Virus Movies Anyone?

December 12, 2020

As the COVID-19 coronavirus sweeps across the planet, all of us have a shitload of time on our hands and a lot of sofa-dwelling, binge-TV time, and there’s a lot to view. Reportedly, popular for the era/moment are movies about virus outbreaks (Duh!) and assorted-like scenarios in keeping with our current predictament.
What caused this particular post is a new one, “Songbird,” released and on VOD starting yesterday.

Supposedly, the movie started filming in June, and 17 days later, was a wrap — the first shot during the pandemic, and directly about a pandemic.

This movie received a somewhat-glowing review on Thursday from the Guardian, and accordingly seems to be a must-see for recreating our horrible current situation — even with whiz-bang Michael Bay on board.
Some snips from the critique:

Action supremo Michael Bay was a co-producer; the cast includes Demi Moore, Bradley Whitford and Craig Robinson.
“I just thought I’d get a group of friends together, and write something for them to shoot on their iPhones,” says Mason.
Instead he wrote Songbird, a sci-fi action movie which will be in every history book that covers the film business in its rockiest year to date.

As speedily as Songbird was made, however, it progressed a long way from Mason and Boyes’s initial concept of a Cloverfield-style creature feature.
They had envisaged 200ft-high monsters roaming Los Angeles, as glimpsed by characters who were stuck inside their apartments.
“But it felt like we were beating about the bush,” says Mason.
“It seemed silly to invent a monster as a metaphor for what we were going through when there was a real monster that we couldn’t see outside our front doors. After we’d been stuck in our houses for three weeks, there was something appealing about imagining the worst-case scenario four years down the line.”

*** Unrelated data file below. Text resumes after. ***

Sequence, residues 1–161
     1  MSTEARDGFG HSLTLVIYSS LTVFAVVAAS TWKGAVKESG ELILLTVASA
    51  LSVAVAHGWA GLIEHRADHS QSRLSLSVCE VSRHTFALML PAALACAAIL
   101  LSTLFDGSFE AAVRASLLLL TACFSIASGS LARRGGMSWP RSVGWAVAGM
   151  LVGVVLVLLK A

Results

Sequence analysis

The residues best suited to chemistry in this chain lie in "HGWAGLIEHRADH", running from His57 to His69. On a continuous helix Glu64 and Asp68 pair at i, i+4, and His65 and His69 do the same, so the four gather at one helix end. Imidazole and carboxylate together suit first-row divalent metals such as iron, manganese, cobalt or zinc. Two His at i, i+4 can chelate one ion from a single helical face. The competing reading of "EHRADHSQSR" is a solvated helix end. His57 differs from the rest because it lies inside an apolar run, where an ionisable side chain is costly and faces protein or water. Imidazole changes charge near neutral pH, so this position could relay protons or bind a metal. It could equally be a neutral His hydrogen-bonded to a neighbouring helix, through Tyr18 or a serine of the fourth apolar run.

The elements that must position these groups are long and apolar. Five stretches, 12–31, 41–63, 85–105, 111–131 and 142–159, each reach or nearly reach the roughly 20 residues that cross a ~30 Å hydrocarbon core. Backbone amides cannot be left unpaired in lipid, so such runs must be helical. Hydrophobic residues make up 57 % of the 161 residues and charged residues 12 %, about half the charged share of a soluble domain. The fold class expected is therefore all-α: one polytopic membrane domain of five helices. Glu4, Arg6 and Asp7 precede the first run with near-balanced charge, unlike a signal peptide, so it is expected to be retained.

The story they ended up with is set in 2024.
The world has been ravaged by the latest and deadliest strain of coronavirus, Covid-23, and the government’s system to stop the spread is a lot simpler than anything involving tiers and scotch eggs.
Every morning at 9am, you use a mobile phone app to scan yourself for the virus.
If you test positive, hazmat-suited goons from the sanitation department break down your door, throw you into a van, and drive you to be quarantined in a high-walled shanty town.

There is every possibility that 2020 has more horrors in store for us, of course, because 2020 is like that.
But it looks as if the US is edging away from the world of Songbird instead of towards it.
Still, Mason is not too concerned.
“Frankly, I hope that the film does feel outdated,” he says.
“I haven’t been able to see my parents back home in England. My dad is 85, and is maybe a few weeks away from getting the vaccine, so if the film becomes a strange little time capsule of this strange time we’ve all lived through, that would be the perfect way to end the year.”

Oddly touching, that.

And there’s other movies in the genre as well, some recent, some from way-back, Here’s a short list of the better ones, some I’ve seen, some not, there’s tons more:

Contagion” (2011) — Steven Soderbergh tracks the outbreak of an unknown virus and the task of bringing it under control (Gwyneth Paltrow starts the action by dying badly):

And a ‘splendid’ pair from 1995 — first “Outbreak” with Dustin Hoffman, Rene Russo, Morgan Freeman, and Kevin Spacey, who also dies a horrible death:

And “12 Monkeys,” Terry Gilliam’s best, with Bruce Willis, Madeleine Stowe and Brad Pitt. A wonderful turn from the late-great Frank Gorshin. I’ve seen this a shitload of times:

Fifty years old, and still current — a virus from outer space, “The Andromeda Strain,” from the Michael Crighton novel, which I’ve read numerous times — seen the movie maybe twice:

The Seventh Seal” (1957), Ingmar Bergman’s black-and-white masterpiece, set during the Black Death plague of the 1300s, with a young Max von Sydow:

There’s also movies where a virus turns those infected into zombies — the better like “World War Z” (2013), and “28 Days Later” (2002), and lesser ones, like the “Resident Evil” series (2002-2017), or even the now-classic “Dawn of the Dead” (1978/2004 remake).

Lists of similar pandemic-like movies can be found at The Wrap from last July, and at Vulture in April.

Cuddle up during lockdown and laugh insanely…with Brad Pitt: “Get Outta My Chair!”

Reality or celluloid…

(Illustration: Scene from “Close Encounters of the Third Kind,” found here).

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